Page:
Expenses of Income-Earning Activities Carried on at Home

7.76. Considerable administrative difficulties have arisen under the present law in regard to expenses associated with an income-earning activity which is in some degree carried on at the taxpayer's residence. Such expenses are deductible under the general provision allowing deduction of expenses in deriving income.

7.77. The present law, though by no means settled, would appear to draw a distinction between overhead expenses, such as interest and repairs to the residence or rent, and expenses directly connected with the income-earning activity, such as light, heating and depreciation on furniture. In regard to the former, the allowance of a proportion of the overheads requires that the room in which the income-earning activity is conducted should have been used in a manner that could not be described as a domestic use: ‘A study does not cease to be part of a taxpayer's home because it is used by the taxpayer for the pursuit of activities from which he earns his income’.note If the study were to be held to change its character from domestic to non-domestic when it is used for such activities, one would have to concede that a bedroom ceases to be part of a home because the taxpayer solves his most difficult business problems in bed. The Committee is conscious of the need to draw a line that involves an objective test and is as determinate as possible. There is a distinction, it is true, between a barrister who prepares a brief for the next day in his study and a lecturer who reads the latest literature. But the barrister will on occasions read the latest literature and the lecturer may be preparing a lecture for the next day. A test in terms of the activities pursued in the room is unmanageable. The non-domestic-use test appears to the Committee to be the appropriate one.

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7.78. Under the latter test, a room devoted to an artist's studio or to a carpenter's workshop will attract a deduction for overheads. So too will a doctor's surgery. If it is thought that there might be doubt in any of these cases, the Act should expressly define non-domestic use.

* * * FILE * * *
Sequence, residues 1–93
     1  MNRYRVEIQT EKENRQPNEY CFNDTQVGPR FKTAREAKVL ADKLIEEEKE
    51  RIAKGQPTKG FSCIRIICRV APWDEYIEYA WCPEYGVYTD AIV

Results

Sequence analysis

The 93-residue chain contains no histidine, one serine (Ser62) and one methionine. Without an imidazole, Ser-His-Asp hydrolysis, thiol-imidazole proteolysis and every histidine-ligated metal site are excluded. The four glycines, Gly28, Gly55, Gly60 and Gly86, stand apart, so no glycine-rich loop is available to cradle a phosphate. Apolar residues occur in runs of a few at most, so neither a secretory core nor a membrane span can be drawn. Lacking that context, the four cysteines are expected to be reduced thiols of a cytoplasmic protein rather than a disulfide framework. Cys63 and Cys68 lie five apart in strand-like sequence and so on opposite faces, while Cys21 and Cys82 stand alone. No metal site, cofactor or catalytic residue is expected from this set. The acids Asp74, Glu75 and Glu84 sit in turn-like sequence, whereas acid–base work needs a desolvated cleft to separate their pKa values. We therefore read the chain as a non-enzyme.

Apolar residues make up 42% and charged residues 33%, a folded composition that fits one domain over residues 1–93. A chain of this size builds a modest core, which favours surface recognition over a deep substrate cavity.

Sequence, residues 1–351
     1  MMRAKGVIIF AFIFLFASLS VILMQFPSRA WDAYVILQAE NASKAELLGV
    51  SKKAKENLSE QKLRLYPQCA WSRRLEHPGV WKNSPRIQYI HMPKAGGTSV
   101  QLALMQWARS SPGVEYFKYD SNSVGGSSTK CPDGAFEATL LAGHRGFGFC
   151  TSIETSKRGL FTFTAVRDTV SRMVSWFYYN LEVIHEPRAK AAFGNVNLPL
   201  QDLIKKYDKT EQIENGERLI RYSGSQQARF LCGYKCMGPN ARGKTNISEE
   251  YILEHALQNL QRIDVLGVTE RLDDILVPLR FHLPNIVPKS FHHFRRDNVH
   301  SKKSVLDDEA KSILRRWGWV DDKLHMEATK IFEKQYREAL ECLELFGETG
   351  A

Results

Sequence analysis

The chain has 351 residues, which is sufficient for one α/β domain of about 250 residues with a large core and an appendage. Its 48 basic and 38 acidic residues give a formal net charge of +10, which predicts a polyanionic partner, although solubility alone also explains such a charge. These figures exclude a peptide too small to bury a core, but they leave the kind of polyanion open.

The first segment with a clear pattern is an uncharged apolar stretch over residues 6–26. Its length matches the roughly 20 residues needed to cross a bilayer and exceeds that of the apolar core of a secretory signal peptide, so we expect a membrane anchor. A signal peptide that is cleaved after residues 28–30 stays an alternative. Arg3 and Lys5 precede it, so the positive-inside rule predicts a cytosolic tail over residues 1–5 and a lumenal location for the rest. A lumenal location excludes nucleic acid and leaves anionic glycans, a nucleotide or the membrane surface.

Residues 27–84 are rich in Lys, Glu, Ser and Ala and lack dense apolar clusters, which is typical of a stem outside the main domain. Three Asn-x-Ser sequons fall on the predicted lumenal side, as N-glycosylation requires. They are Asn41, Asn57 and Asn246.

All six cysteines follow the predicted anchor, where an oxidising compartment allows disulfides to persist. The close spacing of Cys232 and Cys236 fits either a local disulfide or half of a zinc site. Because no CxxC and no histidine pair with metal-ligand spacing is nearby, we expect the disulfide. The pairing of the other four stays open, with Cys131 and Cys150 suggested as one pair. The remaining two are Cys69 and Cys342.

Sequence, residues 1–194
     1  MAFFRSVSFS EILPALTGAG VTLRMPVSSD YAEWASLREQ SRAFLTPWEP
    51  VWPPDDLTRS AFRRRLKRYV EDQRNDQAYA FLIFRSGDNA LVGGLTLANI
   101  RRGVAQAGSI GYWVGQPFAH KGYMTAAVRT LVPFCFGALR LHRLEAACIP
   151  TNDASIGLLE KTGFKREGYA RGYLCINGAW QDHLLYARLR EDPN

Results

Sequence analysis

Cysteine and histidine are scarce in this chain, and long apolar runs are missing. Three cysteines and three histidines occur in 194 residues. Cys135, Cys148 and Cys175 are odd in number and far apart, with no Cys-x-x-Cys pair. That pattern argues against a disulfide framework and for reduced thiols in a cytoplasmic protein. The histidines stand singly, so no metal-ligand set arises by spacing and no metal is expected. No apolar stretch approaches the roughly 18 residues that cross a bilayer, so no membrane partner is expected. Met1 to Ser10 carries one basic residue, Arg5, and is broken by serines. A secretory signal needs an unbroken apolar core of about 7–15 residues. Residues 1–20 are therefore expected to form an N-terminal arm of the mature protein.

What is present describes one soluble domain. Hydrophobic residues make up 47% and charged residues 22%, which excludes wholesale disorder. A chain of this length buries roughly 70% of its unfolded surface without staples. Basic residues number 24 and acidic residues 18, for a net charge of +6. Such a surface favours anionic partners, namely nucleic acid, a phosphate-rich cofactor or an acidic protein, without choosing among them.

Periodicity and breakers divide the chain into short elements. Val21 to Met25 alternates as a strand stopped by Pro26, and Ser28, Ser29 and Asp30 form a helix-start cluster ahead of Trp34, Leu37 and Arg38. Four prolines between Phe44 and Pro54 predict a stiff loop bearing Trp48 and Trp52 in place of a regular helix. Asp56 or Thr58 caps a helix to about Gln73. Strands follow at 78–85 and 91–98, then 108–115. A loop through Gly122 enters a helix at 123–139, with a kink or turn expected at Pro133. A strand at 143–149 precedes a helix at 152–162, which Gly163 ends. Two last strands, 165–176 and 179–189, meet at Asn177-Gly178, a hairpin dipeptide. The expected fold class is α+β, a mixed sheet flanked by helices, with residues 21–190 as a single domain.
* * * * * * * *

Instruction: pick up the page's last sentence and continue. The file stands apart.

7.79. In a case such as the doctor's surgery, the allowance could be justified on the ground that the room is used in a way that involves contact with the public. The Committee would, however, prefer the test to depend wholly on non-domestic use. The mere fact that a taxpayer occasionally sees patients, clients or customers at home should not attract the deduction. But where a room is set aside for such contacts, the use will clearly be non-domestic.

7.80. The observations in the last paragraph raise an issue whether exclusive non-domestic use of a room is necessary to attract the deduction. In the Committee's view a test in terms of exclusive use is appropriate. However, the Commissioner should be given a discretion to disregard minor use of the room for a domestic purpose.

7.81. Expenses more directly connected with the earning of income may, under the present law, be deductible even though no part of the home is devoted to a non-domestic use. Expenditure in providing light and heating exclusively for the taxpayer while he is engaged in work from which he derives incomes is, it seems, deductible. Depreciation on domestic furniture, carpets and curtains in a room where the taxpayer engages in work is allowed, subject to apportionment where the room is also used for other purposes. In the Committee's view these principles are unmanageable. The deductibility of expenses for light and heating and depreciation on items of ordinary domestic equipment should be determined by the same principle as applies to overheads. Deduction should be allowed only where the expenses relate to the deriving of income in a room exclusively devoted to a non-domestic use.

7.82. The deductibility of depreciation on items that are not ordinary items of domestic equipment (for example, a typewriter or a filing-cabinet or, more obviously, a lathe), the current expenses associated with such items (for example, electricity charges) and also the expenses associated with the use of a telephone should be left to the operation of the general provision unaffected by the special provisions proposed by the Committee.

7.83. The carrying out of the Committee's proposals will require some statutory amendments to displace, in regard to direct expenses, the interpretation of the general provision. The Committee suggests that the opportunity be taken not only to do this, but to establish a special code which will settle the law in this area in a form that will overcome the present uncertainties.